The great American lawn is about as far from a natural ecosystem as one can get. These artificial landscapes require an inordinate amount of resources to keep them in the green and manicured condition Americans have come to expect.
Eighty percent of U.S. households have lawns that average about 1/5 of an acre in size. More than $10.4 billion is spent annually on lawn products; billions more are paid to commercial lawn care businesses. The petrochemical industry produces tons of pesticides to maintain lawns free of pests, diseases, and weeds.
All of the 32 popular lawn pesticides pose risks to our water supplies, aquatic organisms, and nontarget insects. According to the Environmental Protection Agency, over half are listed as carcinogens and one in five is a reproductive toxin. Almost half of the lawn pesticides sold in the U.S. have been banned or restricted by European countries.
Making a conscientious effort to minimize the amount of lawn in one’s landscape is a wise decision. If you reduce the size of your lawn, you can trade in your noisy, carbon-emitting gas mower for a human-powered push mower. It’s a win-win situation: doing something for the environment and getting some exercise at the same time.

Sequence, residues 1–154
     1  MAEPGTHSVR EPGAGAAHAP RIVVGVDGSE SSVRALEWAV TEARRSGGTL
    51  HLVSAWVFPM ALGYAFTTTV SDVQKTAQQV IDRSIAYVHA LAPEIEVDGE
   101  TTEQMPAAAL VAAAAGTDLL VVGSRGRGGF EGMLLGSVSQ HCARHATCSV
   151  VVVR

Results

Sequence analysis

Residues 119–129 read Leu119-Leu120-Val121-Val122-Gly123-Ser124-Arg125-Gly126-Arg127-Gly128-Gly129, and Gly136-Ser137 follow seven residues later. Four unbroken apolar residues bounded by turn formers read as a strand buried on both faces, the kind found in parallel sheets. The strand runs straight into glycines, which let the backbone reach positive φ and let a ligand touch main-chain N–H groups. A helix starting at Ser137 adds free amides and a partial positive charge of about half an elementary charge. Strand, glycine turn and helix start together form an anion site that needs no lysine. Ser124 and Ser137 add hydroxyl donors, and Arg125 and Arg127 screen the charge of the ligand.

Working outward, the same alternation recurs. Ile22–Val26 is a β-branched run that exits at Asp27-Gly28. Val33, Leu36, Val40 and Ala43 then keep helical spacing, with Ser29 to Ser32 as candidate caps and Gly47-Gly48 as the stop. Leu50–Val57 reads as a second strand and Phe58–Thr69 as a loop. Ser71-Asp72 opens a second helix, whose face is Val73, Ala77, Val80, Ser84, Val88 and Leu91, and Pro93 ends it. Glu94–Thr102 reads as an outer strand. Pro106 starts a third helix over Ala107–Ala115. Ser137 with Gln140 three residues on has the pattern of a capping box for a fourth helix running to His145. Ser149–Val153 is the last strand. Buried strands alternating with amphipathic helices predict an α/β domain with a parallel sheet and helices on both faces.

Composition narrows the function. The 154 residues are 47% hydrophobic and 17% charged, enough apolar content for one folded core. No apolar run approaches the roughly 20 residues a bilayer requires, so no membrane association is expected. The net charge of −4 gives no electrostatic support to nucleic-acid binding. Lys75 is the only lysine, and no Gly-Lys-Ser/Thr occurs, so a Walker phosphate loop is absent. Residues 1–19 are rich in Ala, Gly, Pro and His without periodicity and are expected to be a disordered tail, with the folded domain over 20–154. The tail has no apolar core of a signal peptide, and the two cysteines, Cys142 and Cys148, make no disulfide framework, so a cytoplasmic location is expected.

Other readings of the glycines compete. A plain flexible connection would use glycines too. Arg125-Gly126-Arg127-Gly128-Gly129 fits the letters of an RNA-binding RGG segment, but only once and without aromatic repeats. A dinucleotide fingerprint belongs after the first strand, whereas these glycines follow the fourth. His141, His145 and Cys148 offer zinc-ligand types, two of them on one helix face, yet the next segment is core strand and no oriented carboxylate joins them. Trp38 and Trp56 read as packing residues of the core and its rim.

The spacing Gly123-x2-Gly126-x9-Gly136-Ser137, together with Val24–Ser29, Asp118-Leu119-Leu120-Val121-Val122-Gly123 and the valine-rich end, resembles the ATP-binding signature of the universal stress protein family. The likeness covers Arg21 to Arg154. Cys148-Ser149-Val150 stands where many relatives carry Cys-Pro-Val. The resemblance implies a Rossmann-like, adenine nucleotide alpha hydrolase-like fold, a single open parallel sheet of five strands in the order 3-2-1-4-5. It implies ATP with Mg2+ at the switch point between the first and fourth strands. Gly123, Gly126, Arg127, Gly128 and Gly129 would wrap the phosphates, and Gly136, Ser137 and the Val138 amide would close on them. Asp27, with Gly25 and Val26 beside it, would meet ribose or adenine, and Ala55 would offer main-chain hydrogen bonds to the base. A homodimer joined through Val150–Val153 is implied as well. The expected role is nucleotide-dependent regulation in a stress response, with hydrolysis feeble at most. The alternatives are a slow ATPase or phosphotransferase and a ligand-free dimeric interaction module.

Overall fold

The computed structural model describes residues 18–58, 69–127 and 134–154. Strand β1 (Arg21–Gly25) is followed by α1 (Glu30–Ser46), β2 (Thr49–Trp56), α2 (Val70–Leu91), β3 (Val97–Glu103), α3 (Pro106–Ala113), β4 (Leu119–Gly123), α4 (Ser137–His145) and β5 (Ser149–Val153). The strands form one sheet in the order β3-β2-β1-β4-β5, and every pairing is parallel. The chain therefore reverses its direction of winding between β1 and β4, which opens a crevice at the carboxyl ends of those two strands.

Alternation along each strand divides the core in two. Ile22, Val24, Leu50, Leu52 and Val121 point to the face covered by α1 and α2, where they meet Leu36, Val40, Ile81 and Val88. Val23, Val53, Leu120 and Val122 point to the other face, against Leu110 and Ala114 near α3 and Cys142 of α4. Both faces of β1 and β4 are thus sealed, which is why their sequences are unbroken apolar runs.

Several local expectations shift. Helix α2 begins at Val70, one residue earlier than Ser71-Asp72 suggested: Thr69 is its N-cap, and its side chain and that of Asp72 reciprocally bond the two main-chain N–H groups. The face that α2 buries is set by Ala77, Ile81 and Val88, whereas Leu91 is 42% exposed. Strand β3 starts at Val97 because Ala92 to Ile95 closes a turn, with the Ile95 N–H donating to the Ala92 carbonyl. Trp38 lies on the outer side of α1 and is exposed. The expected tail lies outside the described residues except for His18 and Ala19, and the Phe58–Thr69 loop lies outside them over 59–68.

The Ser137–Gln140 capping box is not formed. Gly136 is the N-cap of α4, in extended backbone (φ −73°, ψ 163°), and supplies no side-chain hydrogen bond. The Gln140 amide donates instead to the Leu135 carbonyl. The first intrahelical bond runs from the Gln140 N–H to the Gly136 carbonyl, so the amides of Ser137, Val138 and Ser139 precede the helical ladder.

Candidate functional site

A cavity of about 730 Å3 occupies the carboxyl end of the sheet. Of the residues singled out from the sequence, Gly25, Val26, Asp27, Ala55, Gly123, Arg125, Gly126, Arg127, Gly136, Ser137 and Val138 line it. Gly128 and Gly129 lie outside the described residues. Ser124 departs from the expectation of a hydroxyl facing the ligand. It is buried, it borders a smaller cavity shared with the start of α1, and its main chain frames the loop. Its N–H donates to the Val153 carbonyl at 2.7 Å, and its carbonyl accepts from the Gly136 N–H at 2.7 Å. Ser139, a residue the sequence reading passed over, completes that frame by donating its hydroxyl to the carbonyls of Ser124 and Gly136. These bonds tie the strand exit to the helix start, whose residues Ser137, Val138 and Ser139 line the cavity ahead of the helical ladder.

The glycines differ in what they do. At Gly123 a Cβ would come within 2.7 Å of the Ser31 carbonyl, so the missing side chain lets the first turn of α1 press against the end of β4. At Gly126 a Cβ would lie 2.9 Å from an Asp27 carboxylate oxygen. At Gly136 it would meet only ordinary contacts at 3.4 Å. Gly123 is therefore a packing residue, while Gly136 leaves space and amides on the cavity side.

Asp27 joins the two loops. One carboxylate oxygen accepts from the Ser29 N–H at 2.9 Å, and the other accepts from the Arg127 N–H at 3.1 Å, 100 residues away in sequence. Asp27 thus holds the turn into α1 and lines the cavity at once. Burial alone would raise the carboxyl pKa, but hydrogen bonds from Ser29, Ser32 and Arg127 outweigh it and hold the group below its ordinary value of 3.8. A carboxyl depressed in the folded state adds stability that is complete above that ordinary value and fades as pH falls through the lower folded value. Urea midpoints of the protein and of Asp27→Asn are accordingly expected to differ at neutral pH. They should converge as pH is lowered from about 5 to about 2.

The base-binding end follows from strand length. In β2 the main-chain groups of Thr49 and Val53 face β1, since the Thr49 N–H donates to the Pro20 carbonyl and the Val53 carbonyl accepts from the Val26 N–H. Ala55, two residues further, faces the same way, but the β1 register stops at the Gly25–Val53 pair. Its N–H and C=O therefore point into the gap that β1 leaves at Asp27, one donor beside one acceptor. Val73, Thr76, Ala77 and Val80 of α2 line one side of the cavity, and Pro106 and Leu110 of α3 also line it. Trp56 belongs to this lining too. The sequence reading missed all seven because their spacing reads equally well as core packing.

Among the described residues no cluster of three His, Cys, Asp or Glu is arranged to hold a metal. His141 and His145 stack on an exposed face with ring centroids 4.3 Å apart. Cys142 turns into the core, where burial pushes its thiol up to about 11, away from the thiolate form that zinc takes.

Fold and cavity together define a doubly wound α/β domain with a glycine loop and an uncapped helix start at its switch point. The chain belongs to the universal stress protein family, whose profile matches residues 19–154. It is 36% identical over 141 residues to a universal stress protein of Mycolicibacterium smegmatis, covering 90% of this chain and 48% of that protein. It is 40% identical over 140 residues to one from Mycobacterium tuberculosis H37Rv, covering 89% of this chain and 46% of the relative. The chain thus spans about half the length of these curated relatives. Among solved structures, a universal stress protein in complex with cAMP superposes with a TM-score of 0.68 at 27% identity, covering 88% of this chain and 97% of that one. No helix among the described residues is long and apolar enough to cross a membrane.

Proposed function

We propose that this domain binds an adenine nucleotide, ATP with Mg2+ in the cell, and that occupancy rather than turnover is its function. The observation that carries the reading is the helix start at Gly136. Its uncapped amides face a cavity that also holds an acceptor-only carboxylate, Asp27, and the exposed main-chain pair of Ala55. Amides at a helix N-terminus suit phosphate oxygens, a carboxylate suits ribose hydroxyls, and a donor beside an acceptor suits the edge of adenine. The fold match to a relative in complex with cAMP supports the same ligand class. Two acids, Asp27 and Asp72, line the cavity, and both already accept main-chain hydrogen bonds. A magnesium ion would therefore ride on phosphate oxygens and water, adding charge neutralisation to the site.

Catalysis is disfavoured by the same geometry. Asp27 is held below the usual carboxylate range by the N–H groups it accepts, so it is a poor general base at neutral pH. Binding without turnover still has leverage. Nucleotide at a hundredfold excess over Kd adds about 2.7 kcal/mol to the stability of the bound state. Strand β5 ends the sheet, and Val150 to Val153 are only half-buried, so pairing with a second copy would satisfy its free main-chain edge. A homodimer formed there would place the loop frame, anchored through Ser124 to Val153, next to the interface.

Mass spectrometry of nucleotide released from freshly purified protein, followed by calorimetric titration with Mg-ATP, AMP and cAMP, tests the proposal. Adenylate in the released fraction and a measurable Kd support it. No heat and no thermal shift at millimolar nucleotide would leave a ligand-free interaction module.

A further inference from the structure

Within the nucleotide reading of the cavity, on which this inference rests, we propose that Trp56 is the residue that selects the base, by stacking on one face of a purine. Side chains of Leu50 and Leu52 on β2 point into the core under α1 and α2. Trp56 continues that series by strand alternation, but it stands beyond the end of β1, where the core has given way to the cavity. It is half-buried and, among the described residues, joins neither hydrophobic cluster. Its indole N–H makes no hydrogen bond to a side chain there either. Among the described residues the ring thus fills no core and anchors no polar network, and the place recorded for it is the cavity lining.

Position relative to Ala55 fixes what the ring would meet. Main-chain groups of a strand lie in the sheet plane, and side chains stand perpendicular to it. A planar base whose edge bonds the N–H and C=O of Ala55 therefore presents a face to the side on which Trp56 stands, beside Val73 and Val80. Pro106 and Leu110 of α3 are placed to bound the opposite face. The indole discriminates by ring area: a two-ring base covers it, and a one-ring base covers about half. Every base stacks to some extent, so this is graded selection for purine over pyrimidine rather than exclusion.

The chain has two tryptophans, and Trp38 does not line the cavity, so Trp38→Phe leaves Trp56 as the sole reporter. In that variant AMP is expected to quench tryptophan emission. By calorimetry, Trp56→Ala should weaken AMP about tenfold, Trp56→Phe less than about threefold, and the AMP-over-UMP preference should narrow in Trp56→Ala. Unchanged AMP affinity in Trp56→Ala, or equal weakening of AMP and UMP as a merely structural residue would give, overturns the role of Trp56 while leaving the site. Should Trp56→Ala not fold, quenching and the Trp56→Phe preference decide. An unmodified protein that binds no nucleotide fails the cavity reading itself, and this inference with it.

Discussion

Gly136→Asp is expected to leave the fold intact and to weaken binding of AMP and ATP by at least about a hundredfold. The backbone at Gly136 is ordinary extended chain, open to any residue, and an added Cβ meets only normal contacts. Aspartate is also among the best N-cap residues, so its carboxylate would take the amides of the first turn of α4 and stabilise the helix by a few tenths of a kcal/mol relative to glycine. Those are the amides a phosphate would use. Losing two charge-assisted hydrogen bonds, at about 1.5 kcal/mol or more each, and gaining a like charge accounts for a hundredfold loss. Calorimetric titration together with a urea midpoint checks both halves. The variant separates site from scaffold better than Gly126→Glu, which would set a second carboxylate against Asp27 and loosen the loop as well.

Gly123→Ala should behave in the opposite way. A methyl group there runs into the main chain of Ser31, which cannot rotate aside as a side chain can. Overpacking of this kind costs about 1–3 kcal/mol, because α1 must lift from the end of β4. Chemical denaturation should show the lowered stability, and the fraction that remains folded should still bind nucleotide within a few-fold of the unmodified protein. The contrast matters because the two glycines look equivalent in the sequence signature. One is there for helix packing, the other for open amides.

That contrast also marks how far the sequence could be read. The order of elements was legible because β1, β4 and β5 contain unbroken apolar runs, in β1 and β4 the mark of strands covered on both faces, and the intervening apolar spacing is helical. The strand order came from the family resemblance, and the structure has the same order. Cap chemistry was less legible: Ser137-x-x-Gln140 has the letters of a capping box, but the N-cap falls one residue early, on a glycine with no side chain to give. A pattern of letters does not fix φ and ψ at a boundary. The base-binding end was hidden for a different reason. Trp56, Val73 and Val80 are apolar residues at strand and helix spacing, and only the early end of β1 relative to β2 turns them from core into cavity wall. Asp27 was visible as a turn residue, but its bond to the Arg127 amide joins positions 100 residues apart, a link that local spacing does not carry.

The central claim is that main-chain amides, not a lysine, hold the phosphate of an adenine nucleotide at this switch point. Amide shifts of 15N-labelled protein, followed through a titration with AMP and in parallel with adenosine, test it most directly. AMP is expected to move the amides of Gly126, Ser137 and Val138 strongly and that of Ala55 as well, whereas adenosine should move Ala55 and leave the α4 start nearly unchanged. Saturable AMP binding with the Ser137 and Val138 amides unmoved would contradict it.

Choosing a lower-maintenance grass seed can also make your lawn a little easier on the environment. While Grade-A Kentucky bluegrass produces a thick weed-free carpet, to remain lush it requires fertilizer, lime, pesticides, and a copious amount of water. I learned this lesson the hard way by running the Gifford House well dry irrigating this water-hungry turf.
With water restrictions becoming more and more frequent, tall turf-type fescues are a much better choice. Not only does this type of turf have significantly lower water and fertility needs compared to Kentucky bluegrass, it also stands up extremely well to foot traffic.
When shopping for grass seed, it is easy to get confused by the plethora of brands and mixes stocked on the shelves. See what your local stores carry, but before making a purchase visit the National Turfgrass Evaluation Program website (www.ntep.org) to see how your selection scored in rigorous regional tests.
Remember, the best lawn is a small lawn!